Diwali signifies Harvest Festival. As it occurs at the end of a cropping season and has along with the above customs, a few others that reinforce the hypothesis of its having originated as a harvest festival. Every harvest normally spelt prosperity. The celebration was first started in India by farmers after they reaped their harvests. They celebrated with joy and offered praises to God for granting them a good crop.
On the second day of Deepavali, a ritual that is strongly suggestive of the origin of Deepavali as an harvest festival is performed. Worship of the Goddess of Wealth, Laxmi and performance of Aarti are a part of the harvest festival. On this day delicacies are prepared from pounded semi-cooked rice called Poha or Pauva. This rice is taken from the fresh harvest available at that time. This custom is prevalent both in rural and urban areas especially in Western India.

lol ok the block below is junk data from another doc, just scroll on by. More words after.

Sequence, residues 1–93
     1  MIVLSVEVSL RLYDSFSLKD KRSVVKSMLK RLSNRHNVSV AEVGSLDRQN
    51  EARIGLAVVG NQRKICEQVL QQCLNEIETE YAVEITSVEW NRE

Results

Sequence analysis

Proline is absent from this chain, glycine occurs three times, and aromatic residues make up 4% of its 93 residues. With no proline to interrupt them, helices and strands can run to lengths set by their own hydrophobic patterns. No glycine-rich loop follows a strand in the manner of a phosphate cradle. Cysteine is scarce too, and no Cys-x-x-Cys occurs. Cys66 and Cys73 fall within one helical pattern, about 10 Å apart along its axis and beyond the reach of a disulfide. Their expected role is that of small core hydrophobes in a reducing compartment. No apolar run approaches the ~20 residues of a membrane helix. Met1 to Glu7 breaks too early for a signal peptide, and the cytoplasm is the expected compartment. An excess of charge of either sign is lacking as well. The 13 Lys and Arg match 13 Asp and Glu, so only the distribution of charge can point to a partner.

In rural areas, Diwali signifies only this aspect. The reason being the fact that Diwali which is celebrated sometime in October/November co-incides with the end of a harvesting season, known as the Kharif season when the fresh crop of rice is available. Therefore, Diwali is also considered by many rural hindus to be the harvest festival when farmers offer prayers, and express their gratitude to the Almighty for the bounty they received from him.